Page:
A research team at Uppsala University has shown in a new study that the size of the spot on a collared flycatchers forehead is important in the choice of a mating partner and reflects how well the immune defense system combats viruses. The findings are being presented on the home page of the journal Acta Zoologica on March 18 and in the print edition on March 20.
Evolutionary biologists have long attempted to explain why individuals of a species differ in appearance and why the choice of a mate is influenced by behavior and appearance features that cannot reasonably be thought to have any usefulness. Therefore, they have begun to look more and more at the genetics behind what are called secondary sexual characteristics, such as the tail of a peacock, the stripes of the female deep-snouted pipefish, and the white spot on the forehead of the collared flycatcher. In many species both males and females prefer to mate with those who have the largest or most colorful of these ornaments or who have the most complex song, for instance.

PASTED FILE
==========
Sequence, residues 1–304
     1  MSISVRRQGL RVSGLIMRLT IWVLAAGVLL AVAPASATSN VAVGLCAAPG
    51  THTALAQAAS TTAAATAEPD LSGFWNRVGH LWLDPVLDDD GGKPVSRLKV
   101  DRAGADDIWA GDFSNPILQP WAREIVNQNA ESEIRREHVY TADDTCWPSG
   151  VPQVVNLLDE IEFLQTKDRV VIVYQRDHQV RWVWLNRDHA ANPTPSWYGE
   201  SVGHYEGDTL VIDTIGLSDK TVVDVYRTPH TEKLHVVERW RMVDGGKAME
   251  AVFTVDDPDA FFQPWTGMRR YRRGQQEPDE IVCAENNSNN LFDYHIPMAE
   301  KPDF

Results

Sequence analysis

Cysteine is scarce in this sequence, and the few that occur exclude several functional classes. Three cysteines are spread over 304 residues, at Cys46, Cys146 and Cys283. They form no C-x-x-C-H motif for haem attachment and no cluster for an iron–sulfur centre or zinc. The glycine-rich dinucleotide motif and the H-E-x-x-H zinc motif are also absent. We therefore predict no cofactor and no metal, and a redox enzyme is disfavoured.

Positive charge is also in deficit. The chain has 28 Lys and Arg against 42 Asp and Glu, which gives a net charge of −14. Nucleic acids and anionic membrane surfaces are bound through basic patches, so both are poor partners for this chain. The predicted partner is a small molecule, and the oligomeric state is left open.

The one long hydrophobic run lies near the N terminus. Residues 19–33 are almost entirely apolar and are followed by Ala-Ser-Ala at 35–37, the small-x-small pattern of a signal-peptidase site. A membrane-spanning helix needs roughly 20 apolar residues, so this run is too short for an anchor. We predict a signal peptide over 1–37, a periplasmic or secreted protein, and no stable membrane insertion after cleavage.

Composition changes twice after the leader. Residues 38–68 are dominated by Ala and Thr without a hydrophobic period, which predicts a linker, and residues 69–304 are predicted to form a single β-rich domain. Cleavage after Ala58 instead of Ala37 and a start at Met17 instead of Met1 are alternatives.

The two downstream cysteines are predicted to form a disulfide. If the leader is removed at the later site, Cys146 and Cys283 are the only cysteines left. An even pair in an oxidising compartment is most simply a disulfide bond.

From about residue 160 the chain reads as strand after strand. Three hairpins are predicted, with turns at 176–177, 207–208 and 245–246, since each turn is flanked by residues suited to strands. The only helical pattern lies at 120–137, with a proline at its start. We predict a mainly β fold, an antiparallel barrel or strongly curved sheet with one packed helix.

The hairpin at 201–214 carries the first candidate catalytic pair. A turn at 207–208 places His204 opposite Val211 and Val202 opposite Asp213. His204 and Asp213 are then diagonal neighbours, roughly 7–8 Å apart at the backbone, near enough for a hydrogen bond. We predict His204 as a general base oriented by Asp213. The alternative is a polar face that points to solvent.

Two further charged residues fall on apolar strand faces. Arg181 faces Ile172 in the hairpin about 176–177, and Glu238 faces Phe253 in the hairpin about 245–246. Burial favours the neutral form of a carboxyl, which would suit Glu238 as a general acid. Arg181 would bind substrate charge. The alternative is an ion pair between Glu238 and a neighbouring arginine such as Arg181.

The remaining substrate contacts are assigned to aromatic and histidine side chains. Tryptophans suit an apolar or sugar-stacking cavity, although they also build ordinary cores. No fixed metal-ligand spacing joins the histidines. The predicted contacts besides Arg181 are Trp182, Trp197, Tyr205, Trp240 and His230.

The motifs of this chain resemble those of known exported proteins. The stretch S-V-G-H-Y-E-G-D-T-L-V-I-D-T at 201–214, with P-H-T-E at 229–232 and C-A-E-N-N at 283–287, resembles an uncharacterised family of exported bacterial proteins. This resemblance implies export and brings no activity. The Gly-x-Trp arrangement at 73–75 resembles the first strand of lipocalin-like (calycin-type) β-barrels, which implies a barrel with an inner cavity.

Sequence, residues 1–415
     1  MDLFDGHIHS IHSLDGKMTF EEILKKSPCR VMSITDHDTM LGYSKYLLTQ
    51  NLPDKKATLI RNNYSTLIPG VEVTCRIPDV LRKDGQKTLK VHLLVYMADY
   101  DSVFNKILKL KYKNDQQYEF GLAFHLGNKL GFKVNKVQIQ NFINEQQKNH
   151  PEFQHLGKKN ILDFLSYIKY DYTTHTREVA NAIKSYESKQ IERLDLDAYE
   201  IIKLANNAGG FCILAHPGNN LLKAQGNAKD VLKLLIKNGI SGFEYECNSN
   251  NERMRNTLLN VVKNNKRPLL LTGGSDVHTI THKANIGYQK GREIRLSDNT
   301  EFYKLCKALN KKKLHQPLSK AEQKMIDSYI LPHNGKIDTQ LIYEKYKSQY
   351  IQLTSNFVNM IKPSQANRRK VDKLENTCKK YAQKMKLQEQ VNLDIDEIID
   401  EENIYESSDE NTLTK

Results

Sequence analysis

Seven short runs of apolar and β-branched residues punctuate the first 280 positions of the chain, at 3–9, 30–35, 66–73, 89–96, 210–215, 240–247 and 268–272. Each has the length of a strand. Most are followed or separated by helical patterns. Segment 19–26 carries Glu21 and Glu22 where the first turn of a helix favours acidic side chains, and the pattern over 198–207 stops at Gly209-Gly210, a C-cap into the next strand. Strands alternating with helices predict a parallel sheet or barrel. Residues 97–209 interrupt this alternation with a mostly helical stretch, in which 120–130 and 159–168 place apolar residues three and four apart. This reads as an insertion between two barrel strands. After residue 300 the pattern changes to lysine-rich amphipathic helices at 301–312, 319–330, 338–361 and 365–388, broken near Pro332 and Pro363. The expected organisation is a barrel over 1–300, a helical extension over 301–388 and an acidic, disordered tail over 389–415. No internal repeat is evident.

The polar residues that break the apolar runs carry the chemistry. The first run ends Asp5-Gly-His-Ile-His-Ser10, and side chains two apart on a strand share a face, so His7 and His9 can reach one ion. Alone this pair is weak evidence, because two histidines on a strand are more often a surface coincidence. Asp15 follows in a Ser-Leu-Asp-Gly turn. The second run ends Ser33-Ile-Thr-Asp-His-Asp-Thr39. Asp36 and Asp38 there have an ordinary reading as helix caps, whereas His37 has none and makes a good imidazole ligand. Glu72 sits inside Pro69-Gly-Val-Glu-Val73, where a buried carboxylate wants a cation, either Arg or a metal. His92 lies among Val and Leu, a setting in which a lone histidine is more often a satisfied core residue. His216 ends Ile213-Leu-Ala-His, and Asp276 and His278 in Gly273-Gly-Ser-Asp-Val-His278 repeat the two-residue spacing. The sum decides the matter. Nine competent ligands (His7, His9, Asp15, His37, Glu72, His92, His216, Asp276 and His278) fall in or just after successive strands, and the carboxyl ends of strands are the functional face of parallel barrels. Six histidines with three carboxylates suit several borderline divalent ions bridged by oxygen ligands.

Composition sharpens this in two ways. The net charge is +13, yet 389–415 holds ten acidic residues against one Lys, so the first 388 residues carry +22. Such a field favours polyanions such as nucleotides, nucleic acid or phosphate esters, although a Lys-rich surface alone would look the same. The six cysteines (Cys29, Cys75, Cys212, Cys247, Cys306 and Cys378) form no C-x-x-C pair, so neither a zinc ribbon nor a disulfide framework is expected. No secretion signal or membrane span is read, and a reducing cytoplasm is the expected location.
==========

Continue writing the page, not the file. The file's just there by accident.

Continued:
One theory says that the ornaments are clearest on individuals that are in good health and that both the size and the condition of the ornament are hereditary. This leads to the question of why evolution did not select the same appearance and good health for all individuals. Is there something in the environment that is constantly changing and can govern the genetics of appearance and health, leading, instead, to diversity?
Anneli Waara | alfa
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A team of scientists of the Max Planck Institute for the Structure and Dynamics of Matter (MPSD) at the Center for Free-Electron Laser Science in Hamburg investigated optically-induced superconductivity in the alkali-doped fulleride K3C60under high external pressures. This study allowed, on one hand, to uniquely assess the nature of the transient state as a superconducting phase. In addition, it unveiled the possibility to induce superconductivity in K3C60 at temperatures far above the -170 degrees Celsius hypothesized previously, and rather all the way to room temperature. The paper by Cantaluppi et al has been published in Nature Physics.
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